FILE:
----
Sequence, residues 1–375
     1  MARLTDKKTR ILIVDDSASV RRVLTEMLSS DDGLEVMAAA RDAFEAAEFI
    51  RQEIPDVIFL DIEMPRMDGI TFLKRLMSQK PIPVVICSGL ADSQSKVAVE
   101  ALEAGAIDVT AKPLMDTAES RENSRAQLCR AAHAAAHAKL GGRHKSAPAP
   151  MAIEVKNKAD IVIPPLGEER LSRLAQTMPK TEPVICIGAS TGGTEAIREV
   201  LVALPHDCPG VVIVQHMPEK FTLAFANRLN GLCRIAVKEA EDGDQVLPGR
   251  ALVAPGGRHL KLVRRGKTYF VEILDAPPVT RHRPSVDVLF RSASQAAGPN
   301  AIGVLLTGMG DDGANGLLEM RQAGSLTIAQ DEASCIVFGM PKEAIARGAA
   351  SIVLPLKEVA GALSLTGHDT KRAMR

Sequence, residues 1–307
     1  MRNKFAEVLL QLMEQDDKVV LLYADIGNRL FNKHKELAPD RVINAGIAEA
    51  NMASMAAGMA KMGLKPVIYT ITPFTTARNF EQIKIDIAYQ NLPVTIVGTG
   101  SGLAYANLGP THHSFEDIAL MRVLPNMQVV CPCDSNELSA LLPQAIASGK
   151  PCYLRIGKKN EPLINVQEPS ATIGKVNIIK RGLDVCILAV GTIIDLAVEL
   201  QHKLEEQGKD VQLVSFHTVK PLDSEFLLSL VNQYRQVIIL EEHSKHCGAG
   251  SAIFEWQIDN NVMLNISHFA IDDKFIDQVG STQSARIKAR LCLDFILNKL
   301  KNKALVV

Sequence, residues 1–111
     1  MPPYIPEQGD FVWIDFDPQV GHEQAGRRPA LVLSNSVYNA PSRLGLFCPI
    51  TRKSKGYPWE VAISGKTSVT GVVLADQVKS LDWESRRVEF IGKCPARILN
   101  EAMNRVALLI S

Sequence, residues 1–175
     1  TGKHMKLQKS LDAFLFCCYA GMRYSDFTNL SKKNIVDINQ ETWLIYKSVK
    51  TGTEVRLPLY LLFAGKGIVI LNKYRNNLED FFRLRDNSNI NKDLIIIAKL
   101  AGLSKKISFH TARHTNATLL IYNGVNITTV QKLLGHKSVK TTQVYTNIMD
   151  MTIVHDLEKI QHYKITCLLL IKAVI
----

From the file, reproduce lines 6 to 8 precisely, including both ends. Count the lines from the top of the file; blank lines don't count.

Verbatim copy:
   201  LVALPHDCPG VVIVQHMPEK FTLAFANRLN GLCRIAVKEA EDGDQVLPGR
   251  ALVAPGGRHL KLVRRGKTYF VEILDAPPVT RHRPSVDVLF RSASQAAGPN
   301  AIGVLLTGMG DDGANGLLEM RQAGSLTIAQ DEASCIVFGM PKEAIARGAA